You’re reading over the sides for your next audition when you suddenly realize that your character is a mass murder, criminal, cult leader, drug dealer, or terrorist. What now?! How do you move beyond the judgment and resistance that comes up and find a way to connect to with the character?
Without making a real connection, you risk the danger of playing to an idea, coming off as a cartoon, or feeling like a liar. As you approach your craft, here are four things to keep in mind that will help you move past your judgments of a character.
1. Every character is a human being.
When we treat acting as a primary art form, one of the first things we must do is visualize the character as a three-dimensional human being. Doing this involves asking ourselves specific questions, like, Why is the character like this? and What are some specific circumstances that led the character to their current beliefs, behavior, or life path?
As actors, gaining a deeper understanding of human psychology can help us see beyond the surface and deeper into possibilities for what motivates behavior. Seeing the human side reminds us that the character had a mother and father...or maybe they didn’t have parents. Maybe they were abused, ignored, abandoned, betrayed. We need to learn about the character’s backstory. If it’s not mentioned in the text, make it up. Creating the backstory is the first step in discovering more about the character’s humanity. Once this human element is in place, we can really begin to free ourselves from judgment.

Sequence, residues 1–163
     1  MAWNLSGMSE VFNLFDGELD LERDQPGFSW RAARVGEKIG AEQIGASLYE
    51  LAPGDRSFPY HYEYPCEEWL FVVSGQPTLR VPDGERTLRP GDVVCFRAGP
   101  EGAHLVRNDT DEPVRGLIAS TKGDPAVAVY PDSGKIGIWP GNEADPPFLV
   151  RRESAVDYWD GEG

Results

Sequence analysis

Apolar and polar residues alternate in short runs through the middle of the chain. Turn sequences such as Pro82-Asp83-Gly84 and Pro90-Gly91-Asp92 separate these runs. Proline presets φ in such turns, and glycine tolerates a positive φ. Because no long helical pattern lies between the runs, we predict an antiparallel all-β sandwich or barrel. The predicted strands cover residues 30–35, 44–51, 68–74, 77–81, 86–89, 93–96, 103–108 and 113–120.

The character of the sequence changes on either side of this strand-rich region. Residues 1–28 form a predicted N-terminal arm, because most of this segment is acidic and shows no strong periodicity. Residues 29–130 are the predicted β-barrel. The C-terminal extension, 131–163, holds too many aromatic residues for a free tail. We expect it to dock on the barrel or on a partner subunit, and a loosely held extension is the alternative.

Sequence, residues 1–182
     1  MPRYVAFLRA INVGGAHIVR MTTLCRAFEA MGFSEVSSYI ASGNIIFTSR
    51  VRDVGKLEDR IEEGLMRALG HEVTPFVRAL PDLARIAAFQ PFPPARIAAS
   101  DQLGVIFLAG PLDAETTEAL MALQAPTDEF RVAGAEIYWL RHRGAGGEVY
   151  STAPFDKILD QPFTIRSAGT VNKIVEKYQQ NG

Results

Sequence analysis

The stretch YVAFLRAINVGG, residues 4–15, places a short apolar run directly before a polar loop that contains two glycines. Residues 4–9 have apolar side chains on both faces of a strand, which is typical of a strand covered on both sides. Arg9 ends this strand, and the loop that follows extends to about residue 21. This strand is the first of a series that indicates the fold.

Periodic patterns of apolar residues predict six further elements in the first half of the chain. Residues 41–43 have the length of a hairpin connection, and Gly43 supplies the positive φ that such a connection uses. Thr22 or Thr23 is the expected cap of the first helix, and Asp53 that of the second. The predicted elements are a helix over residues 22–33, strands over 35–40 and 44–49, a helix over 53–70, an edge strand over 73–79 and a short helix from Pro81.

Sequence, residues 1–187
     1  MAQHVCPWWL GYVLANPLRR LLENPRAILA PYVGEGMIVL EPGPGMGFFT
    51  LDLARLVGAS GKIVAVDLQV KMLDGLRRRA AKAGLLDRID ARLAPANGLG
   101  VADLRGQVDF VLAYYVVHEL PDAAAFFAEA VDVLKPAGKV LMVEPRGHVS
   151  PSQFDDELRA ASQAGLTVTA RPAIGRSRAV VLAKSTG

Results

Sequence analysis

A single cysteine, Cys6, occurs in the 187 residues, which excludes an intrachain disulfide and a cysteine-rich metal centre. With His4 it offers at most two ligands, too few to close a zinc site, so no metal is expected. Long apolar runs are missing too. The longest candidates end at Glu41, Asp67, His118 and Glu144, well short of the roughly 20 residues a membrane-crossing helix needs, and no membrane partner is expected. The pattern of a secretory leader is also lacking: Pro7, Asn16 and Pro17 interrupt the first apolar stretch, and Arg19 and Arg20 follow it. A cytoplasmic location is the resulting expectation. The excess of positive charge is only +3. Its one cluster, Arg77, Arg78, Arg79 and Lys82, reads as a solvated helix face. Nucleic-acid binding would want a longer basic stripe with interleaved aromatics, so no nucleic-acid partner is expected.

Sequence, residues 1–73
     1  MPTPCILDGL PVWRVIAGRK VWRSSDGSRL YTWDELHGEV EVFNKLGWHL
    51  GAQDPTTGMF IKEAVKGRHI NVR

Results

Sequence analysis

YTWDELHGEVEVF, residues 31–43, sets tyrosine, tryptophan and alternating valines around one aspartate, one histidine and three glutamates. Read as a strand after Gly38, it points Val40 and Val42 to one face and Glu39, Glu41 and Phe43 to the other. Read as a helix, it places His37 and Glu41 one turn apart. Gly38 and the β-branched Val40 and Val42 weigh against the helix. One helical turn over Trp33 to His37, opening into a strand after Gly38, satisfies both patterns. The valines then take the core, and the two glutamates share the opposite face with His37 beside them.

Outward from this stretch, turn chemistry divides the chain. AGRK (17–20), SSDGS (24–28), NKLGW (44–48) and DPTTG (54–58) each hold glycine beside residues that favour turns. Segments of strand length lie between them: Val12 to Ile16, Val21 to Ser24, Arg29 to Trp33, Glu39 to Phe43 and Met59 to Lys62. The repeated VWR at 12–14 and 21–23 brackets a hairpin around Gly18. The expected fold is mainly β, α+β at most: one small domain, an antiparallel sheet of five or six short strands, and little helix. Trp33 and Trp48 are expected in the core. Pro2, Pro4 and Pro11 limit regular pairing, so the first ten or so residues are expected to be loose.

2. Empathy is an actor’s greatest asset.
Some of the best villains have a quality, conviction, or point of view that we can empathize with. The actor’s process is like detective work. We must ask questions about the character, all the while finding buttons and triggers within ourselves. Asking ourselves, “What can I relate to here?” is a powerful way to step into the character’s shoes. If we can empathize with the character and connect to what they stand for, we’re well on our way to getting closer to the character’s heart. This process is what allows us to really “live” the character, rather than “act” the character.
READ: How to Play the Villain
3. Don’t take everything literally.
Acting is a creative process. There isn’t just one path to finding a belief system for a character’s motivation. Many actors get stuck because they think about everything too literally. Instead, think in metaphors. If we can’t connect to the actual things a character does or believes, we can think about it in another way: What else does this feel like? What does this remind me of?
How can you personalize it, not in a literal way, but in a way that ignites a fire within you? Many villains are driven by passion. We all know what it feels like to be driven by passion; it might not be in the same literal framework as the character, but your poetic mind can help you find the perfect analogy you might otherwise miss by staying literal.
4. Don’t forget the joy of acting.
Playing a villain can be a lot of fun! Sometimes, finding a connection to the character can come simply by asking the question, “What’s fun about playing this character?” Is it their sense of entitlement? Their thirst for revenge? Their gift for not giving a damn? What does the character give you permission to explore as an actor that you can’t in your real life? The joy of letting yourself explore those reckless feelings; to release your rage, to get revenge, to take back your power, can be incredibly cathartic when expressed through art.
Greg Braun is a professional actor and co-founded New Collective LA in 2009 along with Matthew Word with the mission of creating a nurturing and empowering conservatory-style acting studio in Los Angeles. Greg has previously taught for Susan Batson at her acting studio for more than fifteen years in New York and Los Angeles combined. He received special mention in Ms. Batson’s seminal acting book, “TRUTH.” His expertise includes a broad knowledge of on camera, theater, building a character, and script analysis. Greg teaches all of the core classes at the New Collective.
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